Heart Attacks in Dogs

Heart attacks in dogs are rare

Vet using a stethoscope to listen to a dog's heart.

GK Hart / Vikki Hart / Getty Images

Heart failure is a common complication of heart disease in dogs. Though canine heart disease includes many different types of conditions, all forms of heart disease can ultimately cause heart failure.

What Is a Heart Attack?

Heart attacks in dogs and cats are rare, but their hearts function similarly to human hearts. The technical term for a heart attack is myocardial infarction, and this occurs when blood flow to the heart wall (the myocardium) is blocked.

Dogs are less likely to suffer heart attacks than humans, but many of the same risk factors are involved: If a dog is obese, has diabetes, has high blood pressure, or contracts a serious bacterial infection, it may be at a greater risk of a heart attack.

If you suspect your dog is having a heart attack, bring it to the vet as soon as possible. There is a version of CPR that can be performed on a dog, but it requires special training to do it correctly. Don't attempt it if you're not trained; you could further injure your dog and waste precious minutes when you could be getting it to the vet's office.

Types of Heart Failure in Dogs

Heart failure in dogs may take on two different forms.

  • Right-sided heart failure occurs when the right side of the heart cannot pump blood properly. This results in the blood, which should be returning to the heart from other parts of the body, backing up in those body organs. Right-sided heart failure usually leads to an accumulation of fluid in the abdominal cavity, the liver, and/or the limbs.​
  • Left-sided heart failure occurs when the pumping mechanism on the left side of the heart fails. In this instance, the blood returning from the lungs to the heart backs up and fluid accumulates in the lungs.

In some dogs, both sides of the heart are involved. This may lead to signs of both right- and left-sided heart failure occurring simultaneously.

Signs of a Heart Attack in Dogs

Dogs with heart disease may be asymptomatic (free of any signs of illness) if the heart disease is mild enough to allow the heart and the rest of the body to compensate. However, if heart disease is severe enough, signs of heart failure will develop over time.

The types of signs seen in heart failure will vary depending on how severe the disease is and which side of the heart is affected. However, the symptoms most commonly encountered with heart failure include:

  • Generalized weakness
  • Tiring easily
  • Depression
  • Lack of appetite
  • Weight loss
  • Coughing
  • Breathing heavily
  • Swelling in the legs (most often seen with right-sided heart failure)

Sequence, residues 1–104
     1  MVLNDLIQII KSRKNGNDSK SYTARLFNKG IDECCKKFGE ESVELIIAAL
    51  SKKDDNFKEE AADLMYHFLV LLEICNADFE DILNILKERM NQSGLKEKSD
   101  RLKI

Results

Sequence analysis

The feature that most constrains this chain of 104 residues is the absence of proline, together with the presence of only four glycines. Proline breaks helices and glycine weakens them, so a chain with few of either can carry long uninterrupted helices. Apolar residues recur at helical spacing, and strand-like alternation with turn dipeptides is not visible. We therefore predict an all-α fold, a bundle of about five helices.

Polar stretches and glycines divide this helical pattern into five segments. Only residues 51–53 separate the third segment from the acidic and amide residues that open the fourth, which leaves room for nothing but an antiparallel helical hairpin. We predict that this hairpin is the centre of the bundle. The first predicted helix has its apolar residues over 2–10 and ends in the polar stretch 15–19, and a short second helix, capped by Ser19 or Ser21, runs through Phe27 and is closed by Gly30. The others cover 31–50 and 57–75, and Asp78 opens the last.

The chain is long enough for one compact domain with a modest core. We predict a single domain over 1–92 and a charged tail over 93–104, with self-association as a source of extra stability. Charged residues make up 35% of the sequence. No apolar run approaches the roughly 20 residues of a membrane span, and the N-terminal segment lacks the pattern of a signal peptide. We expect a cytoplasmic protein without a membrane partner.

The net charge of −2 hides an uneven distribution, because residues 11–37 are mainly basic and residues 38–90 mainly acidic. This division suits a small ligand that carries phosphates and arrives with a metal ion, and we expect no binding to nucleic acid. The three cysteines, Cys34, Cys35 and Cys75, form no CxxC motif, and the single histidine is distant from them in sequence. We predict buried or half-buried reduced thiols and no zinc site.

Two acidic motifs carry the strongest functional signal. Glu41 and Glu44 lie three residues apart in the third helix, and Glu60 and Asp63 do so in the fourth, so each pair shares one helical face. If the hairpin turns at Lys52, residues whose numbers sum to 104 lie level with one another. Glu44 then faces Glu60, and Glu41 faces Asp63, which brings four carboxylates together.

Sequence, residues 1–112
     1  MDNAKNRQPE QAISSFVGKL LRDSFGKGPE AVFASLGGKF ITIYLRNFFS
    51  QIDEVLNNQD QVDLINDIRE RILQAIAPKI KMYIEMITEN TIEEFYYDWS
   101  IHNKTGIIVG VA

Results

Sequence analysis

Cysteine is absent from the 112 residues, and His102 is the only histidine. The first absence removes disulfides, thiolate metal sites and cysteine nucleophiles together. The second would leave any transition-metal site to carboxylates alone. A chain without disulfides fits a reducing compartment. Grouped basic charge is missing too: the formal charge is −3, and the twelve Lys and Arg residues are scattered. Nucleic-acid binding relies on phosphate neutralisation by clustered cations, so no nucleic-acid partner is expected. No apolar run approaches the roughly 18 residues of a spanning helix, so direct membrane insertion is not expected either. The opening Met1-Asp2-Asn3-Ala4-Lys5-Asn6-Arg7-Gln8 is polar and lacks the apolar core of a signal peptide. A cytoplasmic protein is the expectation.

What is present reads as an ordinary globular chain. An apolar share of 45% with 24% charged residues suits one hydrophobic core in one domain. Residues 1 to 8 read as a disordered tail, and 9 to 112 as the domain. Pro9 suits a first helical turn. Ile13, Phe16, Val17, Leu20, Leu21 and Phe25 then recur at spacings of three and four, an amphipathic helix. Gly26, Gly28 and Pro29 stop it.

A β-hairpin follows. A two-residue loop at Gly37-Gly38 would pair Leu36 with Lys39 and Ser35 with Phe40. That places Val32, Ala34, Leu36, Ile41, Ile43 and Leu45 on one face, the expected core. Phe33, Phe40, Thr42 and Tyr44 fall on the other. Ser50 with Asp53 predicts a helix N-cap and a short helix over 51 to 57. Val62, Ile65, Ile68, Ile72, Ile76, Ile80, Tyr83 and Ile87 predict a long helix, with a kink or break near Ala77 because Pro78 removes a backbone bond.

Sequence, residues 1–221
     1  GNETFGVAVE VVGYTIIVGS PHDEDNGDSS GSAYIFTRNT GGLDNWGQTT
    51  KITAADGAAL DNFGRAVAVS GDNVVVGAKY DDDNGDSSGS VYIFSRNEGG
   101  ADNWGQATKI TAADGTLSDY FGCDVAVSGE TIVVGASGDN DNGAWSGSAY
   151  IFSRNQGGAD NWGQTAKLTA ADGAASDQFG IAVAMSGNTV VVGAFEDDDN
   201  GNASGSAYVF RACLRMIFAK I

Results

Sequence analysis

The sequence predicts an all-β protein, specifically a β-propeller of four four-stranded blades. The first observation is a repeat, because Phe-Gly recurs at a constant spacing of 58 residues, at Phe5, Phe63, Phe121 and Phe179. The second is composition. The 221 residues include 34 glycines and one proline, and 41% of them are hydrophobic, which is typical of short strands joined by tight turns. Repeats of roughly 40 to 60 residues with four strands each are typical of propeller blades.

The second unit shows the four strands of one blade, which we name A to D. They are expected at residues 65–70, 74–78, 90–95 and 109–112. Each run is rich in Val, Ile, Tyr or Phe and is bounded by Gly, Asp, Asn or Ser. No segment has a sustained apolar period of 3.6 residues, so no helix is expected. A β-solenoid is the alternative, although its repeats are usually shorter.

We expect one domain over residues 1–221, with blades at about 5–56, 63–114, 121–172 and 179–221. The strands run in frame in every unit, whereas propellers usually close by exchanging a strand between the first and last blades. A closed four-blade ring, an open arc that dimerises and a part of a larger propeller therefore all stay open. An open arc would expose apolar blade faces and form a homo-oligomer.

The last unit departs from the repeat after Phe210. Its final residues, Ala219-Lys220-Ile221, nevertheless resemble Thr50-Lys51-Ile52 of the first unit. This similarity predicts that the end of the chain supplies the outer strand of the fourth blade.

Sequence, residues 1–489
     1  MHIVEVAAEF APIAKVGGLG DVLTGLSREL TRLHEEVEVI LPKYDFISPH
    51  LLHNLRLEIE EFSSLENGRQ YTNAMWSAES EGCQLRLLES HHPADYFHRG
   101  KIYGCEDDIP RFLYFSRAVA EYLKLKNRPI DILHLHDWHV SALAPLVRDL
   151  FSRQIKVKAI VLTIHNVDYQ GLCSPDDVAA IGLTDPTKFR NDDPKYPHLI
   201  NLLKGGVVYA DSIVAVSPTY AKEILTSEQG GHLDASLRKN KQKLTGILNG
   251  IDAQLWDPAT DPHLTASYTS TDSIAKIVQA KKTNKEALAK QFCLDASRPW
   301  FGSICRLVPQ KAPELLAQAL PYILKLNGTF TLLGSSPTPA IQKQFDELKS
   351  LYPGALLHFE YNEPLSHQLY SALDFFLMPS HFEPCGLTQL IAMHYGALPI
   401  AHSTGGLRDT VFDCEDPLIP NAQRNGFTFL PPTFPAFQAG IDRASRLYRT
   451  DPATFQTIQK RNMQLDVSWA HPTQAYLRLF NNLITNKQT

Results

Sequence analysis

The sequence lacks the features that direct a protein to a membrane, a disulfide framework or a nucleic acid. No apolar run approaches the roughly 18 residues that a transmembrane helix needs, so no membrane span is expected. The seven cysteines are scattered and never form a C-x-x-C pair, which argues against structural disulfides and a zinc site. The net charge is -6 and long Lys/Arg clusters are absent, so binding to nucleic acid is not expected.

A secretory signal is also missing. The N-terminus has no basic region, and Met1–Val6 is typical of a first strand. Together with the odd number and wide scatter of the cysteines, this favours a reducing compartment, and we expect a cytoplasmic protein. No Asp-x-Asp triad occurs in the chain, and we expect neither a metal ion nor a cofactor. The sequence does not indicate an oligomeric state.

• A bloated, fluid-filled abdomen (most often seen with right-sided heart failure and also known as ascites)
  • Increased heart rate
  • Weak pulse

Cyanosis (bluish coloration of the gums) may occur if blood circulation is poor and is an indication of inadequate amounts of oxygen reaching the body. Other signs that may occur with heart failure include vomiting, diarrhea, or constipation as a result of poor blood circulation reaching the gastrointestinal tract.

Heart diseases that cause arrhythmias (irregular heartbeats) may cause fainting episodes, which are also known as syncope.

Coughing is often the first sign of canine heart disease and is the most frequent reason dog owners bring their dog to the veterinarian.

Testing Dogs for Heart Disease and Heart Attacks

Since heart attacks in dogs are so rare, your veterinarian will need to rule out many other conditions before diagnosing a heart attack. Other types of heart disease are much more common.

The vet will probably want to rule out heartworms, and in addition to the usual blood and urine tests, will likely order a chest X-ray especially and possibly an ultrasound scan of the heart called an echocardiogram. An electrocardiogram or EKG that measures your dog's heart rhythm can also be helpful. One or more of these tests will be necessary to determine what type of heart disease your dog has.

Treatment and Prevention

The best way to prevent a canine heart attack is to reduce its risk factors: Make sure your dog doesn't get overweight and make frequent visits to the vet to treat any ongoing health conditions, including other types of heart disease.

Right- and left-sided heart failure can often be managed for a period of time using medications that improve heart function and reduce abnormal fluid build-up. Close monitoring is important because medication adjustments will become necessary as the dog's condition changes over time. Keep a close eye on your dog's quality of life and talk to your veterinarian if any concerns arise.

If you suspect your pet is sick, call your vet immediately. For health-related questions, always consult your veterinarian, as they have examined your pet, know the pet's health history, and can make the best recommendations for your pet.